GM Announces Major Shakeups In European, Australian Operations
The past two weeks have been a whirlwind of news for General Motors (NYSE: GM).
Not only has the automaker emerged from government bailout and named its first female CEO, it's also been announcing some dramatic changes to its international operations.
On Thursday, GM said it was selling its entire seven percent stake in France's PSA Peugeot Citroen – part of a strategic alliance set up between the two car-makers to weather the ongoing economic eurozone crisis.
“Our equity stake was planned to support PSA in their efforts to raise capital at the time of the creation of the GM and PSA alliance, and that support is no longer needed,” GM Vice Chairman Steve Girsky said in a press statement. “The alliance remains strong with our focus on joint vehicle programs, cross manufacturing, purchasing, and logistics. We’re making good progress while remaining open to new opportunities.”
That being said, Peugeot is reportedly looking eastwards towards its Chinese partner, the state-run Dongfeng Motor, for additional investment and assistance.
The news regarding Peugeot comes just days after GM unveiled other major changes in its European operations – ending the sale of its Chevrolet brand in Europe, while bolstering its Opel and Vauxhall lines in the region and expanding the presence of Cadillacs in the market.
The company cited the “challenging business model and the difficult economic situation in Europe” as the driving forces behind its changes.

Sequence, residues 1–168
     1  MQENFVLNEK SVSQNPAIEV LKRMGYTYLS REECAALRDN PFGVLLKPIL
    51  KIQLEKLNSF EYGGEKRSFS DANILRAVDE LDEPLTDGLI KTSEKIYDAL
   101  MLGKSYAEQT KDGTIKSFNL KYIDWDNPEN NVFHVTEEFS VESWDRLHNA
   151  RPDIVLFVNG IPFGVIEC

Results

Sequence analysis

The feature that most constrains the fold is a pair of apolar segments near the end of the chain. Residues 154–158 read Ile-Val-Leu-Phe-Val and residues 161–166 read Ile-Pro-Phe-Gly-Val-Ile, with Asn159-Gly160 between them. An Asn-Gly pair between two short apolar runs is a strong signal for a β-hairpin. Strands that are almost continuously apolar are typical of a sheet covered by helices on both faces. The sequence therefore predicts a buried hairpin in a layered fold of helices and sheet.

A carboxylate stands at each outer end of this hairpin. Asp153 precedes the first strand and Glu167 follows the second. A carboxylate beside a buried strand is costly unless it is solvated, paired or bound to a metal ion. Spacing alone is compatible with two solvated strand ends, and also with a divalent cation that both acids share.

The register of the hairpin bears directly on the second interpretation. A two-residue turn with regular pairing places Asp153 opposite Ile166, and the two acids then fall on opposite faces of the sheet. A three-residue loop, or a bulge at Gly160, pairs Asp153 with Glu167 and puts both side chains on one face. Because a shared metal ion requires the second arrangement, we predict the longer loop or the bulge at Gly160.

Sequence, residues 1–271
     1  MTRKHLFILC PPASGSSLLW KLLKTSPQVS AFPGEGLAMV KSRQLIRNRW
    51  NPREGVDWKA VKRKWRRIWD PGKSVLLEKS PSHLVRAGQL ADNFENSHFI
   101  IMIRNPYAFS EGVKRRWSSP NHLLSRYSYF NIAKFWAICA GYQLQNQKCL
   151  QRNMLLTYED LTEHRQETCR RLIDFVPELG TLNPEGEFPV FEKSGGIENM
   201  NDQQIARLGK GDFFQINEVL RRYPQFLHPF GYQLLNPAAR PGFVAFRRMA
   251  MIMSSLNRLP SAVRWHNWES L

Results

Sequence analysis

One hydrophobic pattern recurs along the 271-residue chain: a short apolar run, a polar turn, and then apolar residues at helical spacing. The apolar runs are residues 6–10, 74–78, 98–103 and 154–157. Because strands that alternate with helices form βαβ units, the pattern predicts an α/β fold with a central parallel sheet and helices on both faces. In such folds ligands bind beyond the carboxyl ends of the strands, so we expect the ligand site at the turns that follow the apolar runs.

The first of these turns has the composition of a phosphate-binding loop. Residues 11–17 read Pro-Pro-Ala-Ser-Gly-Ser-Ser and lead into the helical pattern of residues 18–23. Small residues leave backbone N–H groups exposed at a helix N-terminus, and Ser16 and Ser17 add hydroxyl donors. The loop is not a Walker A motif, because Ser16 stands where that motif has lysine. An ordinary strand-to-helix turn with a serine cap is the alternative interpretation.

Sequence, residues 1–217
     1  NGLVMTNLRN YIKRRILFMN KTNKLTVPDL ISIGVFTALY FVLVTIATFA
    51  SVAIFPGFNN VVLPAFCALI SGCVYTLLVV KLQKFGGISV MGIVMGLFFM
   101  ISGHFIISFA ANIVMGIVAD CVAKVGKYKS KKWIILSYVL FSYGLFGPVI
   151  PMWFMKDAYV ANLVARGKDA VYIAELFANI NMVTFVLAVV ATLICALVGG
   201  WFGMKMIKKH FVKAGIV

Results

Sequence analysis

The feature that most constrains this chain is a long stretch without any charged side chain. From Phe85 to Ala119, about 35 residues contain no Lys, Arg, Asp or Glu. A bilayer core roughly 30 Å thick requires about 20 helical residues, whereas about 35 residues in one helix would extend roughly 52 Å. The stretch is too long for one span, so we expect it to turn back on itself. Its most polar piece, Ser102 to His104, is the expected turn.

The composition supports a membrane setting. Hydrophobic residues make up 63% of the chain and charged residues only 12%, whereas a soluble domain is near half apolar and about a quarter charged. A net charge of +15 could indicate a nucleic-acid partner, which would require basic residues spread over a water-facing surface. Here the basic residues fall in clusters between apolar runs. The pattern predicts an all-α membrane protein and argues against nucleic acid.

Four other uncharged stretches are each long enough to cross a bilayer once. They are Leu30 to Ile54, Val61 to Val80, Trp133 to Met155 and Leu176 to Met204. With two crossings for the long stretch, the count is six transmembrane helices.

“Europe is a key region for GM that will benefit from a stronger Opel and Vauxhall and further emphasis on Cadillac,” GM Chairman and CEO Dan Akerson said in another press statement. “For Chevrolet, it will allow us to focus our investments where the opportunity for growth is greatest.”
GM points out that most of the Chevrolets sold in Western and Eastern Europe are produced in South Korea – a factor that may come into play in another major market, Australia.
Earlier this week, GM said it would stop manufacturing vehicles and engines in Australia by the end of 2017. That includes sales of GM subsidiary Holden – a car line with Australian roots dating back to the 1850s, and whose closure would effectively end Australia's domestic auto industry.
GM's Akerson blamed the Australian decision on a “perfect storm of negative influences the automotive industry faces in the country, including the sustained strength of the Australian dollar, high cost of production, small domestic market and arguably the most competitive and fragmented auto market in the world.”
But the company's halt of manufacturing in Australia is also prompting speculation that GM may soon start shipping its South Korean-made vehicles to Down Under.
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